Maryland/DC Will Contests: What Happens if a Last Will and Testament is Invalidated?

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If a person in Maryland or the District of Columbia dies and the person had a Last Will and Testament (Will), there are some circumstances where an heir, a dispossessed heir, or another person might bring a legal challenge to the Will. Contesting a Will — called a “Caveat Proceeding” in Maryland — involves filing a written request with the probate court asking the court to make a finding that the Will is invalid. If the court agrees that the Will in question is invalid, then a couple of different things might happen depending on the circumstances.

Considering what might happen if a Will is invalidated is crucial since Will contests are not filed in the abstract. Those challenging a Will generally feel aggrieved in some way and seek to have that grievance assuaged. But, challenging a Will can be complicated, and thus, it is crucial to seek legal consultation. The Maryland and D.C. Estate Planning lawyers at The Law Offices of Thomas Stahl explain more below.

The first three considerations are whether a previous version of the Will exists, what would be received under an earlier version of the Will, and whether any versions of the Will contain terrorem clauses. Such clauses prohibit a person from receiving anything under a Will if they file a Will contest. Generally, if a current version of a Will is invalidated, then the probate court will “re-animate” an older version.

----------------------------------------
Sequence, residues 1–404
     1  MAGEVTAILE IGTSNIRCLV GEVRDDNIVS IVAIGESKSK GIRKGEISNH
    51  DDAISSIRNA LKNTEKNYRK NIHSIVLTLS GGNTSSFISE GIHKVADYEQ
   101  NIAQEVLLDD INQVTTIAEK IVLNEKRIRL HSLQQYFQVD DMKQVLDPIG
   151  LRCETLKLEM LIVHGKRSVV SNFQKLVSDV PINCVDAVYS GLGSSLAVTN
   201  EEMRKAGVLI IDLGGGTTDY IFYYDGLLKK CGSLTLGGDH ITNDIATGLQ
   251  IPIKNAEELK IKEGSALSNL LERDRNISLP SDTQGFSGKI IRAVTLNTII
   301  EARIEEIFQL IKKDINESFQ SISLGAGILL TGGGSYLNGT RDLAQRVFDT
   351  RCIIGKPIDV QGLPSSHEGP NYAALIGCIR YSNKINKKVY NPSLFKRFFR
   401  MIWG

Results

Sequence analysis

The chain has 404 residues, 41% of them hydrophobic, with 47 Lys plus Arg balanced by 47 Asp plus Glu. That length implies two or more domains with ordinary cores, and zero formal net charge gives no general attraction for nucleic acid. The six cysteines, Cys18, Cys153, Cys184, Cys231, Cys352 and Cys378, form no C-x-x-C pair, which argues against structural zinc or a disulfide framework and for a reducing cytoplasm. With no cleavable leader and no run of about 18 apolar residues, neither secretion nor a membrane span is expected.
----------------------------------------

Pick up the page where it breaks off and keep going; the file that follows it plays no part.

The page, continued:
Let’s take an example. Suppose the decedent executed a Will in 2015, revoked that Will, and then executed a new Will in 2020. As noted, if the 2020 Will is invalidated, generally, the 2015 Will becomes controlling. So, the first question is whether the person challenging the 2020 Will will receive substantially more under the 2015 Will. If not, then the Will contest is not particularly useful. The second question is whether the Wills have terrorem clauses. If the 2020 Will has such a clause but is invalidated, then the clause is also invalidated. However, if the 2015 version of the Will also has an in terrorem clause, then the person challenging the 2020 Will may be barred from receiving anything under the 2015 Will even if the 2020 Will is invalidated. This, again, makes the Will contest not particularly useful.

These considerations are highly relevant in cases where the Will itself is not challenged, but a later-executed codicil to the Will is challenged. A codicil is an amendment to a Will. If the Will has an in terrorem clause, then challenging the codicil will invoke the in terrorem clause.

In a case where there is no previous Will, then success in invalidating the Will will — effectively — result in the decedent dying without a Will. Under those circumstances, the property and assets of the decedent will pass via the Maryland or District of Columbia laws of intestate succession. This generally means that close relatives will receive the assets and property. Spouses receive first, then children, then parents, siblings, etc.

Maryland and D.C. Trust and Estate Planning Attorneys

Contact the seasoned and experienced Maryland and D.C. trust and estate planning attorneys at The Law Offices of Thomas Stahl. We have the experience and expertise you need. Schedule a consultation today or call us at (410) 696-4326 or (202) 964-7280. We have offices in Columbia, MD, and Washington, DC.

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